The Glory of War and Kleos

A true Greek hero must achieve honor and glory that resonates even after his death. The Greek word, kleos (κλέος) embodies this concept of posthumous glory. The word is related to more modern term kudos (kŷdos), meaning “fame and renown resulting from an act or achievement.” [1] Kleos also stems from the Greek word kluô  “to hear.” [2] Greek poets used spoken word to convey the glory and fame warriors earned based on their actions, making perfect sense of the word’s roots. Roughly translated, kleos means, “glory, fame, which is heard.” [3]

In Homer’s Iliad, the term kleos is used – as well as referred to in more recent translations – when Odysseus, Ajax and Phoenix convince Achilles to return to fight. Achilles responds in “Mother tells me, the immortal goddess Thetis with her glistening feet, that two fates bear me on the day of death. If I hold out here and I lay siege to Troy, my journey home is gone, but my glory (kleos) never dies. If I voyage back to the fatherland I love, my pride, my glory dies ... true, but the life that’s left me will be long, the stroke of death will not come on me quickly.” [4] Though Achilles has the option to return home, he chooses to fight and earn his glory, because “unlike natural flowers that go through the cycle of blooming and then wilting, this unnatural flower, this kleos, will forever stay the same, never losing its color, aroma, and overall beauty.” [3] This is the only decision for Achilles, as he is the most powerful warrior in the Iliad.

Though kleos is closely related to kudos, its journalistic use in the 1920s to describe playwrights and other artists has significantly watered down its original meaning. [5] In the Iliad, kudos was given to a warrior who achieved something good, but it was not up to par with the acts it took to receive kleos, which is often associated with the grave. [2] This shift in meaning is why scholars use the word glory instead of kudos when referring to a contemporary version of kleos.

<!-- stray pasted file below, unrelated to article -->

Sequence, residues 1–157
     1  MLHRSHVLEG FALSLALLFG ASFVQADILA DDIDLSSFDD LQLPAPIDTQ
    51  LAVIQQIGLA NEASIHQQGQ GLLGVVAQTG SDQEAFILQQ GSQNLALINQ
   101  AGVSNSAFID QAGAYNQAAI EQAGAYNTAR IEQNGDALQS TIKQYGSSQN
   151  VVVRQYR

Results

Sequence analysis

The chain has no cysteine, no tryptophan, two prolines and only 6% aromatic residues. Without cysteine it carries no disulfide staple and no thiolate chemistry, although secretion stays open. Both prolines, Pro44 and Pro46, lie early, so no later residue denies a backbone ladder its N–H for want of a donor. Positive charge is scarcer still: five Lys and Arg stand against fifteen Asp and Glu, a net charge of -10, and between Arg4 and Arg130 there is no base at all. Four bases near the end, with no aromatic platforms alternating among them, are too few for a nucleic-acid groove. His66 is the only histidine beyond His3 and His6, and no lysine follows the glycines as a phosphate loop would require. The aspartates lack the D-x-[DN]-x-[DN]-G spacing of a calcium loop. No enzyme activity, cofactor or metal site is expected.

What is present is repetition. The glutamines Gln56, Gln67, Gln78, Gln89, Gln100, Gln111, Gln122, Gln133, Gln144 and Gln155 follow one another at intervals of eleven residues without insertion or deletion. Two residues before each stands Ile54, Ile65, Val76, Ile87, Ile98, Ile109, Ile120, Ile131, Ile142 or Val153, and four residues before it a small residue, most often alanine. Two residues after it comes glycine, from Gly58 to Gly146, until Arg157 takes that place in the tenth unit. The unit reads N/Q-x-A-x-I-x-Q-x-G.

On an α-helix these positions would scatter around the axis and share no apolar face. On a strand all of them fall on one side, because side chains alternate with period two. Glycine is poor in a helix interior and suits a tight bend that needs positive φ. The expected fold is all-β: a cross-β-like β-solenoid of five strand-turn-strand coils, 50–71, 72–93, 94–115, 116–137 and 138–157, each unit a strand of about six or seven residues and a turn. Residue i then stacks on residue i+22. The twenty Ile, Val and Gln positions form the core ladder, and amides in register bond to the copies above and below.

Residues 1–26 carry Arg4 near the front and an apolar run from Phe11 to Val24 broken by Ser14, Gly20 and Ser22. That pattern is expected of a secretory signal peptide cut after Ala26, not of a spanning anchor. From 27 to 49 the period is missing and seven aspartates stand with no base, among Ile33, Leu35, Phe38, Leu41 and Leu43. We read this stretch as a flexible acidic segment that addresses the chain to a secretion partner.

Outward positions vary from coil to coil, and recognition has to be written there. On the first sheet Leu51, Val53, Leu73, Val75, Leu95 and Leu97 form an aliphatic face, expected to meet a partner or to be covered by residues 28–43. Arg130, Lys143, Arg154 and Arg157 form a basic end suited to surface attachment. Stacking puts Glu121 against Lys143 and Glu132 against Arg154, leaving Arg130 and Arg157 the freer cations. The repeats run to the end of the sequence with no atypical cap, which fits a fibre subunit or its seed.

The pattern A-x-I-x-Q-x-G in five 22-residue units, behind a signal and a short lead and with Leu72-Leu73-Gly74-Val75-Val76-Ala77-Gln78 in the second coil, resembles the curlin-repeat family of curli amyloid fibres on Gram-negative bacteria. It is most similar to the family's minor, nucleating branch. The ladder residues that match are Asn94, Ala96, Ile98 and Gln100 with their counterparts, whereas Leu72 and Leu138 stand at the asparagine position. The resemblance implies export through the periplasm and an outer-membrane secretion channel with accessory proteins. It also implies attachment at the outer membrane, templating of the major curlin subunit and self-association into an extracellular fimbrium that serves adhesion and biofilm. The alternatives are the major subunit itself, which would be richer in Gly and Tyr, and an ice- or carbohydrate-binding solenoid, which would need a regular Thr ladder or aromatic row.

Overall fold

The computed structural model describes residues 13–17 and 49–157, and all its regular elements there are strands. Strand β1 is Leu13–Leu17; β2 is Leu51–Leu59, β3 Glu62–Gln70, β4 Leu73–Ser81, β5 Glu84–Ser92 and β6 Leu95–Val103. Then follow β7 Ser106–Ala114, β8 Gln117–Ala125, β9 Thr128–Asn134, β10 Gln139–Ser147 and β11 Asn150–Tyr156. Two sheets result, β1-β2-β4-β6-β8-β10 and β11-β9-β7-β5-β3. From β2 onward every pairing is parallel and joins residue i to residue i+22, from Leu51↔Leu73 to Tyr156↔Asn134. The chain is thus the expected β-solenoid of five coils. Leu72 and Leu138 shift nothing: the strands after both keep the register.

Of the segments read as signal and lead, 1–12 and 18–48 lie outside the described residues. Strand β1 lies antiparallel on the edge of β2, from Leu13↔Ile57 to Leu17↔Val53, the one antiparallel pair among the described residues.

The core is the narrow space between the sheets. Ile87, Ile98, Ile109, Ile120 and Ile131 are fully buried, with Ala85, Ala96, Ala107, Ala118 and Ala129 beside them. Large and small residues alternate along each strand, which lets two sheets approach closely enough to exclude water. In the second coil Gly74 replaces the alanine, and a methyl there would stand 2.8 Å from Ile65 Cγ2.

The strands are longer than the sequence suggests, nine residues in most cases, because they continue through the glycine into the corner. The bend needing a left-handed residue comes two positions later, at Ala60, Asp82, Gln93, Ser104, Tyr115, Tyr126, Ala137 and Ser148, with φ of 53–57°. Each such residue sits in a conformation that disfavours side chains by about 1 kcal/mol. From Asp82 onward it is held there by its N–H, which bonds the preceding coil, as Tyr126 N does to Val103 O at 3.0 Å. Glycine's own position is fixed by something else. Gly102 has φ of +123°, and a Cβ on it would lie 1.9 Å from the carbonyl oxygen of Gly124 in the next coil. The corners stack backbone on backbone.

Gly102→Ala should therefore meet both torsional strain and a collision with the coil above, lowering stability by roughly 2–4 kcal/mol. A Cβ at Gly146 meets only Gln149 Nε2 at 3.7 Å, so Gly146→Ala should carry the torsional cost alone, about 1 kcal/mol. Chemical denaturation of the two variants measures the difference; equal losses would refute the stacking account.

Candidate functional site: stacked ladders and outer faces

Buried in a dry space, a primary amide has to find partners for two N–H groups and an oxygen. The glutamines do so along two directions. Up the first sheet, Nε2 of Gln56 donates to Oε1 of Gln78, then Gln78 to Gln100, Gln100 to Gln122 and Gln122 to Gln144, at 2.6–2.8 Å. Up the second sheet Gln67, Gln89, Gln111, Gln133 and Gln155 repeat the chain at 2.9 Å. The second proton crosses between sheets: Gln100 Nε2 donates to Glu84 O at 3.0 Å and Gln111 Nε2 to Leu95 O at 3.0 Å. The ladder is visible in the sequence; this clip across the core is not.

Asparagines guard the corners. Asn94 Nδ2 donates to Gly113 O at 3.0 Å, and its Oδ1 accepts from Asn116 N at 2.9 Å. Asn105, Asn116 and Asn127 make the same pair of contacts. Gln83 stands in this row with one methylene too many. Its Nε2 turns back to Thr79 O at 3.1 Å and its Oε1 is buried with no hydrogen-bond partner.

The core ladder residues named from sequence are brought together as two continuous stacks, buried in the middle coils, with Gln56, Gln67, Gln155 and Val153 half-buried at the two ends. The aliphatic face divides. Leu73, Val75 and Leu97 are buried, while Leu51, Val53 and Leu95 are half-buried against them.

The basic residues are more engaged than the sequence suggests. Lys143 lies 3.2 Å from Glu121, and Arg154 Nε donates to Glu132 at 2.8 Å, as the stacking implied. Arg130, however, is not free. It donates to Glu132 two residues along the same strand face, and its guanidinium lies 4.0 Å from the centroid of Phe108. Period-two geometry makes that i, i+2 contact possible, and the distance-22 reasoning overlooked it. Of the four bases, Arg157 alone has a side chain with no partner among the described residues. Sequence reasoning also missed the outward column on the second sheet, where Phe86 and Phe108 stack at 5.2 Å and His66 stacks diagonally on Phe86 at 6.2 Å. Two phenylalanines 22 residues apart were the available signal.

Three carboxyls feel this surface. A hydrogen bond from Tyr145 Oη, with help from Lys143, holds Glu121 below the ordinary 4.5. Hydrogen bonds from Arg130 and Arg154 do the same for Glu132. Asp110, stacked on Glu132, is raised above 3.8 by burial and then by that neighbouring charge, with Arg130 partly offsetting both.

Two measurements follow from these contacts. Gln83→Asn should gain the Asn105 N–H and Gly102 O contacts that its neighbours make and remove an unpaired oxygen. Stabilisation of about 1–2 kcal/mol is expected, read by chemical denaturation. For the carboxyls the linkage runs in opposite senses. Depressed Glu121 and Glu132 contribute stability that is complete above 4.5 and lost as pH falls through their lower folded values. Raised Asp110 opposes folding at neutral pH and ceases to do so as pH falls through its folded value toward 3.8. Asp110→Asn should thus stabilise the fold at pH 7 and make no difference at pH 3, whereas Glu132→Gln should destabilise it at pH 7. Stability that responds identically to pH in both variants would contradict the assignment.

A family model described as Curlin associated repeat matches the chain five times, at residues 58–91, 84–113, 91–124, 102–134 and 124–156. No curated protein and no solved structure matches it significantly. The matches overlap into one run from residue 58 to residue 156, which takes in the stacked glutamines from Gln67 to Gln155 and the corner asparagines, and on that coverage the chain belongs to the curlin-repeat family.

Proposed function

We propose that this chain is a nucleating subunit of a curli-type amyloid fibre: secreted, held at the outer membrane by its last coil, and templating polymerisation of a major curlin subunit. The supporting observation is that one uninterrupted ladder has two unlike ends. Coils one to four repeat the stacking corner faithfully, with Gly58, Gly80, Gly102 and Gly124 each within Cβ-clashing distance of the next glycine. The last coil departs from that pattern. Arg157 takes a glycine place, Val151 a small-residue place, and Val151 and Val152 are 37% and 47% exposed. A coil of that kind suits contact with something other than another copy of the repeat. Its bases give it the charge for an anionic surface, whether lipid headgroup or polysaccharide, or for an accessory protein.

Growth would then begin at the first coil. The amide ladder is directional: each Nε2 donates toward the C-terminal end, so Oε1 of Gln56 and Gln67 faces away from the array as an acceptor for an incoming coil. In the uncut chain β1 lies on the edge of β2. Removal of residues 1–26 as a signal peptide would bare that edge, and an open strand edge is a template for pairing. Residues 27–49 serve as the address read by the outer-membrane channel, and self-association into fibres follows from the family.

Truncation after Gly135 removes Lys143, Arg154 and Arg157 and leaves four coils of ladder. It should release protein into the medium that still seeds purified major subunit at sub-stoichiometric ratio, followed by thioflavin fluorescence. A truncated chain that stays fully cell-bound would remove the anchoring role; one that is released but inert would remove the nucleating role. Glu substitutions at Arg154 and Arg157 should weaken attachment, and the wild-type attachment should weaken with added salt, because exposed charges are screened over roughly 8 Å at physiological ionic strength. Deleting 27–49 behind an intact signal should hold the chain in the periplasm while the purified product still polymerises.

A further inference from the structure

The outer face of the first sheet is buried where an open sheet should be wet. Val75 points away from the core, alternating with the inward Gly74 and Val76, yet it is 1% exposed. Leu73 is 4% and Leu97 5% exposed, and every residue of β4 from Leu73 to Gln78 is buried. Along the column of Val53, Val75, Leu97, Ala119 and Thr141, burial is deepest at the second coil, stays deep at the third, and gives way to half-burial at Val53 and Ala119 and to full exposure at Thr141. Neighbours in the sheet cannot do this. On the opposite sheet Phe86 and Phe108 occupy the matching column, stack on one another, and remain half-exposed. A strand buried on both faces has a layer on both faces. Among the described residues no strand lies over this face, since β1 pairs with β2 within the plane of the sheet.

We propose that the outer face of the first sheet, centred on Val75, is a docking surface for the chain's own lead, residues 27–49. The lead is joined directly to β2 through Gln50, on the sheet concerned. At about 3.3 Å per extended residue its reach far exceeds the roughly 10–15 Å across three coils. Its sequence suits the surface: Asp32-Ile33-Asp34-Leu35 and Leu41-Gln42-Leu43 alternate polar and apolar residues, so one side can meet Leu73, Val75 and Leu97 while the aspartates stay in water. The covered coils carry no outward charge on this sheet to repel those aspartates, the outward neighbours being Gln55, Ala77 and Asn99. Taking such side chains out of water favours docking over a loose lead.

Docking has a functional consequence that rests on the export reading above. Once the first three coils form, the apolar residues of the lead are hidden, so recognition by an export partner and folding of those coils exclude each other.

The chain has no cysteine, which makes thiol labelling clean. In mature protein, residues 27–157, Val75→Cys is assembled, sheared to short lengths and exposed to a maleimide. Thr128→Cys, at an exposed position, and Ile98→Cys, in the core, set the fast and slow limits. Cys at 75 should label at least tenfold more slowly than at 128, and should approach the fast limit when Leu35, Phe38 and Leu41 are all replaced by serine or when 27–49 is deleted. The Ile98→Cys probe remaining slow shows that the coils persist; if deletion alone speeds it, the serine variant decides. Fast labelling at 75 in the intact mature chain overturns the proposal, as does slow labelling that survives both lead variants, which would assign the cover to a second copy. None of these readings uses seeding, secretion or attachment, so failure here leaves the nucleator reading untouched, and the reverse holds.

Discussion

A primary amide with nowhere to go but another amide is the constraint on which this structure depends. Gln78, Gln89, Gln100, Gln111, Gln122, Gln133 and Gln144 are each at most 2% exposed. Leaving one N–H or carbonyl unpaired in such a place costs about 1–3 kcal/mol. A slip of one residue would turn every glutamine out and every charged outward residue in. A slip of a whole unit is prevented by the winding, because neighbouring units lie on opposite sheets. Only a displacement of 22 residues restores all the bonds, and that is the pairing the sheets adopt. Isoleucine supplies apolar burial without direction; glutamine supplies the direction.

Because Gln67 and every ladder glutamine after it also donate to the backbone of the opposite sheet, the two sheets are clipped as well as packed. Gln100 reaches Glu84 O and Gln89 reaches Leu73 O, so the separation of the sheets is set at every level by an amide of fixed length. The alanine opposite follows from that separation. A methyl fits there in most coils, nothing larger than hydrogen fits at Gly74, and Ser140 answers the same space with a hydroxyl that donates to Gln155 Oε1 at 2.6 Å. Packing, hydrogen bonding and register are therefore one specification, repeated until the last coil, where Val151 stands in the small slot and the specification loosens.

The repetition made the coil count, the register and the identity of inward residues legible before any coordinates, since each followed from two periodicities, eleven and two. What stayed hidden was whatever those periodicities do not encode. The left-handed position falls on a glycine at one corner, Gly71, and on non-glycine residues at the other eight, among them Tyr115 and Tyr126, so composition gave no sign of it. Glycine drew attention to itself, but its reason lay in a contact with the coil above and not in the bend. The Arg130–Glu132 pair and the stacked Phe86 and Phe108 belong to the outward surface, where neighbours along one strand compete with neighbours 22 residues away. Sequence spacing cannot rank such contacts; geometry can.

21st century scholarship’s portrayal of the glory of war has changed very little over time. Maintaining honor and glory through acts of war are two concepts that span time and culture. Though the United States doesn’t use poetry or oral tales of soldiers passed down from generation to generation, those who earned kleos are awarded the Congressional Medal of Honor.


[1] kudos. (2009). In Merriam-Webster Online Dictionary. Retrieved September 7, 2009, from http://www.merriam-webster.com/dictionary/kudos

[2]Redfield, J. (1975). Nature and culture in the Iliad: the tragedy of Hector . Chicago, IL: University of Chicago Press.

[3] Nagy, G. The Concept of the Hero. Retrieved September 7, 2009, from Rediscovering Homer: Poetry and Performance Web site: http://athome.harvard.edu/programs/nagy/threads/concept_of_hero.html

[4] Homer, Iliad 9.497–505

[5] kudos. (n.d.). Online Etymology Dictionary. Retrieved September 07, 2009, from Dictionary.com website: http://dictionary.reference.com/browse/kudos




Kavan Rogness said...

Last night I was literally just about to write about this very concept. I checked the blog one last time and saw that you wrote about it, so . . . kudos to you :)

Anyways, I enjoyed your discussion of the concept of glory. I think it relates nicely to nobility and honor, other concepts often discussed in the Iliad. I also enjoyed your connection to how we glorify, in a way, our soldiers today. At first I thought you were somewhat wrong on it as the War in Iraq has had such clear and strong opposition. I also had in mind Vietnam War protests and how denigrated soldiers from that conflict were. I think the Vietnam experience, however, reminded the country that there are things worth fighting for, and even though you may disagree with the conflict (as with today's Iraq war, in many cases), most people still attach a level of kleos to the soldiers themselves.

andrewg4us said...

I think this is a really interesting concept. Especially how Achilles and other warriors may have earned kudos, even several times, but kleos was given to a warrior in death. And how this concept, even though a practical and sometimes even a logical person would think otherwise to lose their life in battle, these warriors would fight till the death to either earn or protect their kleos/glory.

One thing that stuck out in my mind in modern times, is how many soldiers fight in our current wars and lose their lives day after day for either their country or comrades, but yet not awarded or given the significance of this modern day kleos (Medal of Honor). And I was compelled to think of how much politics has played a major role in this abstract concept; moreover, how this concept is easily seen yet not given. Just a thought, :) and it is unfortunate that there is not more medals of honor given out to those soldiers who are still fighting in Iraq and Afghanistan.